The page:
Monday, 31 January 2011

4 Behaviours to avoid when encountering Sales Objections

Objections in selling are akin to a hurdle , barrier or fence that can impede our progress and which we need to overcome. Few sales meetings are concluded without one or more objections being raised at some point during the sales presentation and discussion.

The very best way of dealing with objections is to Pre-empt them. (e.g. “You may be aware that TLG spherical roller Bearings are one of the premium providers of this type of self-aligning product, yet are number one in the market.
Our customers get more value out of the product and I’d like to illustrate where that extra value exists…”)

Addressing upfront the fact that there are certain potential objections and bringing them up yourself, plus providing the answers at the same time will prevent them being raised later on.

N.B. Only do this if you are reasonably sure that the client will think of them - otherwise you are drawing attention to something which might never have presented a problem anyway.

There are two kinds of objection:
Information seeking ( easy so long as you have the relevant knowledge) and
Major ( which can seen at first sight to be like an impenetrable castle wall)

It is important for us to clear any smoke screens away to give ourselves the best chance of handling the real objection.

Our natural reaction is often to try to suppress the objection before it gets out of hand which can lead to one or more of the following unhelpful behaviours:

Pouncing: an instant response (sometimes even before the prospect has finished speaking!) is discourteous and creates an emotional barrier - it suggests you have not considered what has been said and that you are not concerned for the client’s point of view.

Being glib: too practised and rapid a reply will be suspect and unconvincing - it suggests you have heard it all before and are just repeating a page in your sales manual.

Arguing: the instant response “yes, but” suggests that you disagree just as much as “...I Don’t agree with you ...”, “... No that’s not right and here’s why...” or anything similar; don’t even suggest that you disagree by shaking your head or raising an eyebrow.

Scoring points: drowning someone in technical detail, or proving that they do not understand or have made a mistake, will simply make them feel foolish and/or angry.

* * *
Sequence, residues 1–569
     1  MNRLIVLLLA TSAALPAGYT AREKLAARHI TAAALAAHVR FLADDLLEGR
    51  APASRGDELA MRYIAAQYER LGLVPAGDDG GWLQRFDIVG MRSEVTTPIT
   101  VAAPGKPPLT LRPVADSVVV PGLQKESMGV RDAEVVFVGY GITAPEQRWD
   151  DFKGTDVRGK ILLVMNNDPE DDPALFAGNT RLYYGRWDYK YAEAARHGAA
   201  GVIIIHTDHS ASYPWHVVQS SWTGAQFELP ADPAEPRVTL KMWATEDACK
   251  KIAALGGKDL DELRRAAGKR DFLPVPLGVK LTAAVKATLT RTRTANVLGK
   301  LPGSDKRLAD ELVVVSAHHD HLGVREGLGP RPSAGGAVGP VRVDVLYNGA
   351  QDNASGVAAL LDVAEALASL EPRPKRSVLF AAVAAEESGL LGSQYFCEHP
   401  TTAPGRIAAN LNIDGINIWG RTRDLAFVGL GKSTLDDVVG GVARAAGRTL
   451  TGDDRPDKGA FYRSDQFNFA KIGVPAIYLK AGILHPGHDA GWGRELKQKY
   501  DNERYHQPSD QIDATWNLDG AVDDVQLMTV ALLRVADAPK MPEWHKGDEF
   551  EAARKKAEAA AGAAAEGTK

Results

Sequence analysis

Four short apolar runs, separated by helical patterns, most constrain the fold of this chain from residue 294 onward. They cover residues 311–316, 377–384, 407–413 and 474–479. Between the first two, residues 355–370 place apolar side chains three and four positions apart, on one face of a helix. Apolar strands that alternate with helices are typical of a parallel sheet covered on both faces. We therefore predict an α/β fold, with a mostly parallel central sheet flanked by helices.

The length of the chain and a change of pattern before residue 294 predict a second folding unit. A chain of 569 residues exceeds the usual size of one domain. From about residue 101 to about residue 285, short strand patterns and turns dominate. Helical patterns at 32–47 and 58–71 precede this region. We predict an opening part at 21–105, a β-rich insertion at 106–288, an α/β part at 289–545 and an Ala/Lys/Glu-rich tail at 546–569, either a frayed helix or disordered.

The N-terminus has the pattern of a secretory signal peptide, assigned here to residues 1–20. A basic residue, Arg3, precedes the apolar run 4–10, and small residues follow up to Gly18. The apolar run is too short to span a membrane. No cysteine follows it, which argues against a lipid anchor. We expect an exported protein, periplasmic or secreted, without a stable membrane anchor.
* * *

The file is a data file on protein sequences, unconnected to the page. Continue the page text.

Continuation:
Understanding the concern that underpins the objection is essential if you are going to deal with it effectively; therefore listening and clarifying are vital at this point. Furthermore, any emotion needs to be removed from the situation, as logic alone cannot sway emotion. Thus, establishing a clear understanding of their position first is essential, using silence to gather more information and clarifying by paraphrasing and repeating.

How to address an objection

Listen -

and show that you are listening.

Pause -

to show that you are considering the point.

Clarify -
ensure that you understand, and demonstrate
that you understand, by questioning, summarising, rephrasing or repeating.

Appreciate - by acknowledging the customer’s viewpoint, express empathy, and confirm understanding of the customer’s concerns.

Evaluate - whether the objection is ‘information seeking’ or a misunderstanding, or is it a ‘major objection’ based on valid points?

then either
Explain - if the objection is ‘information seeking’ then provide more information (making sure that you assume the blame for inadequate explanation)

Hinge - if it is a valid ‘major objection’ then use a phrase such as “However”, “On the other hand”, “Alternatively”, “Have you considered…”;
or turn the objection into a question


Justify - by using Benefits and ‘YOU’ Appeal (or personalised benefit) to neutralise and outweigh the objection and motivate the customer. ( The slide below from the Buyers Views of Salespeople outlines the most popular areas of an offer that prompted Buyers to buy. Thorough questioning will pinpoint the relevant areas to your buyer)
and finally

Commit -
if appropriate, confirm that the customer is in agreement with your answer before moving on (to the close).

(NB: Testimonials - If you have customers who are loyal to your company, then get letters of referral/testimonials from them. It can help you justify the price.)

Click for free executive summary of the Buyers Views of salespeople research study

Next post we will examine some special categories of objections and consider some responses.

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